Coach Joe Paterno keeps an eye on a drill during practice Wednesday as the scandal of child abuse charges swirled around campus.
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UNIVERSITY PARK, Pa. -- Joe Paterno, the legendary Penn State football coach with the jet-black hair, rolled up pants, and formerly squeaky-clean image, said early Wednesday he would retire at the end of the season amid a child sex abuse scandal that has rocked this community and the college football world.
Hours later, Penn State trustees announced the coach and the university President Graham Spanier had been fired, effective immediately.
Paterno, a Hall of Famer and the winningest coach in Division I history, had said earlier in the day in a statement that he was "absolutely devastated" by the charges leveled against former defensive coordinator Jerry Sandusky, who is accused of sexually assaulting eight boys over a 15-year period.
"I grieve for the children and their families, and I pray for their comfort and relief," Paterno's statement said in part.
"My goals now are to keep my commitments to my players and staff and finish the season with dignity and determination. And then I will spend the rest of my life doing everything I can to help this university."
Paterno, who will be 85 next month, had demonstrated time and again that he was determined to leave on his own terms. As the final weeks of this football season wound down, and with it the last year of Paterno's three-year contract extension, many wondered whether he would finally call it quits. He said on more than one occasion, though, that he planned to continue coaching.
That question had yet to be answered when a state grand jury issued a report Saturday detailing the allegations against Sandusky. It said two Penn State officials, Tim Curley, the athletic director, and Gary Schultz, senior vice president for finance and business, failed to report an assault against one boy, which occurred in a locker room shower in 2002, after being told about it by Paterno and by a graduate assistant who witnessed it. Curley and Schultz were charged with perjury and failure to report. Both deny the charges.
Paterno was not charged, and state Attorney General Linda Kelly said he did what he was legally required to do. But state police commissioner Frank Noonan said he thought others who were aware of the allegations had a moral burden to do more.
Paterno's statement issued Wednesday before his firing indicated he understood that burden:
"… This is a tragedy. It is one of the great sorrows of my life. With the benefit of hindsight, I wish I had done more."
After issuing the statement, Paterno met with his players and coaching staff for approximately 10 minutes Wednesday morning at the Lasch Football Building, where some of the alleged assaults took place, to inform them of his decision then to step down at the end of the season.
Wide receiver Derek Moye described it as a "very emotional" meeting. The team stood and applauded Paterno as he walked out.
"You almost got this feeling like this wasn't real," said quarterback Paul Jones. "It was like it was all made up. You wanted to believe as much as you could that it wasn't true.
"Then seeing him break down to tears, it made you realize how crazy it was. It made everything hit home. I never saw him cry before. It got to the point where he had to stop talking and gather his thoughts."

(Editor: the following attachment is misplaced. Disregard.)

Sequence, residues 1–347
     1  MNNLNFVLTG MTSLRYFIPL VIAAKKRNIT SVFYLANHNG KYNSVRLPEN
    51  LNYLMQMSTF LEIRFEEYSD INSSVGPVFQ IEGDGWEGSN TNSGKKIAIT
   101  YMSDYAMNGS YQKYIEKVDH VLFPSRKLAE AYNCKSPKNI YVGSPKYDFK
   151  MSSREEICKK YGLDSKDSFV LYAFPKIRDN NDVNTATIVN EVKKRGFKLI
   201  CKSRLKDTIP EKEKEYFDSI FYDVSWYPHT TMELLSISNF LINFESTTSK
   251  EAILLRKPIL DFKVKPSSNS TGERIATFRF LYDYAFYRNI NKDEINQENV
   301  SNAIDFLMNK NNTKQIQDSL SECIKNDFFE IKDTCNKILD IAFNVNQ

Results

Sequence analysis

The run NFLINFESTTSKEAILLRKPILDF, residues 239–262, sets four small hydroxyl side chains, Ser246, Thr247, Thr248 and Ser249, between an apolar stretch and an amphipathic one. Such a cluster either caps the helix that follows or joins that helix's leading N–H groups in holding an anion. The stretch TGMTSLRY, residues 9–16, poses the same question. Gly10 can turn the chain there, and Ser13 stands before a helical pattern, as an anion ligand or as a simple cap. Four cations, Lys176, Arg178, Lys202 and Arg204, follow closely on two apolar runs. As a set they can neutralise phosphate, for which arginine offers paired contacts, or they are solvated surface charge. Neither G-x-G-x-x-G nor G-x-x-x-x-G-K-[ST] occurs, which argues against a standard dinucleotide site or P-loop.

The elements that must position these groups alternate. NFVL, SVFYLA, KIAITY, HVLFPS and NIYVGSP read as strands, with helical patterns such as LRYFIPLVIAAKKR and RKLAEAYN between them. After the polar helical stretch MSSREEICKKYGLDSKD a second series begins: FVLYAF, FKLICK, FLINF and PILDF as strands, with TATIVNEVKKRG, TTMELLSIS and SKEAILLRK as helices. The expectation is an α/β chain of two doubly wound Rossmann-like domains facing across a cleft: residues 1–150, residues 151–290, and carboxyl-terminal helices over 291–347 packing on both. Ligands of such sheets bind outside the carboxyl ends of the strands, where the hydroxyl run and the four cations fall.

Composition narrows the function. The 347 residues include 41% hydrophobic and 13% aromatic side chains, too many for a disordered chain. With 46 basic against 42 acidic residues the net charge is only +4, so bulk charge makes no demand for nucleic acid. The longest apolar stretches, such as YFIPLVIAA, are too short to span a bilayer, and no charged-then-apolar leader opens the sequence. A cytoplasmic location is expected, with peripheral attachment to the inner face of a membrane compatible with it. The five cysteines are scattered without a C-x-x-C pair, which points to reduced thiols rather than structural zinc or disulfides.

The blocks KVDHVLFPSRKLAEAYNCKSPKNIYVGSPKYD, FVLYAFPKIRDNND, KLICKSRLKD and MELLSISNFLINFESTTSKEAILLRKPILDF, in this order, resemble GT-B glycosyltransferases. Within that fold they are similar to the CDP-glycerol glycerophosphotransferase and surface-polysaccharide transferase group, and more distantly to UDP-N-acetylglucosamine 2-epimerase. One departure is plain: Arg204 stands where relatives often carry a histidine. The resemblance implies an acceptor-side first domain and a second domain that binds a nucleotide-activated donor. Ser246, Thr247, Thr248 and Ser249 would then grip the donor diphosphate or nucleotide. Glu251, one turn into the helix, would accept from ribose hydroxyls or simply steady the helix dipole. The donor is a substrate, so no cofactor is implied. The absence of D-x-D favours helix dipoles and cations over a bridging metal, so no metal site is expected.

Paterno repeatedly stressed one point, telling the Nittany Lions (8-1, 5-0 Big Ten) to go out and "beat Nebraska" Saturday at Beaver Stadium in what would have been his final home game.
Many former players reacted with a mixture of sadness and praise for Paterno, who attended his team's practice Wednesday afternoon.
"His spirit will always live on. He will be a part of Penn State forever," said former Steelers running back Franco Harris, one of three Pro Football Hall of Famers to play for Paterno. "He helped mold who I am, both on and off the field."
Former Penn State All-American linebacker and current radio analyst Jack Ham, another Hall of Famer who played for the Steelers, said it's hard to believe Paterno is stepping down.
"For Joe Paterno to leave like this is hard to watch," Ham said. "I have known him for a long time. I know all the things he has done for college football, all the players who have come through the program, including me personally."
Paterno, born Dec. 21, 1926, in Brooklyn, N.Y., succeeded his mentor, Rip Engle, as Penn State's head coach in 1966 after serving 16 years as an assistant coach under him.
A 1950 graduate of Brown University, he has coached five unbeaten teams, won two national championships, and been named national coach of the year five times. He was inducted into the College Football Hall of Fame in December, 2007, and holds the record for most bowl victories (24) and appearances (37).
He won his first game as Penn State's coach Sept. 17, 1966, against Maryland, 15-7, at Beaver Stadium. He was 38 at the time.
Penn State had an 87 percent graduation success rate under Paterno, according to the most recent data released last month by the NCAA.
He has coached 26 father-son combinations and his coaching tenure at Penn State, which began in 1950, has spanned the administrations of 12 U.S. presidents. More more than 350 of his players have signed National Football League contracts, including 33 first-round draft picks. He also has coached 78 All-Americans and 47 Academic All-Americans.
The Block News Alliance consists of The Blade and the Pittsburgh Post-Gazette. Ron Musselman is a reporter for the Post-Gazette.
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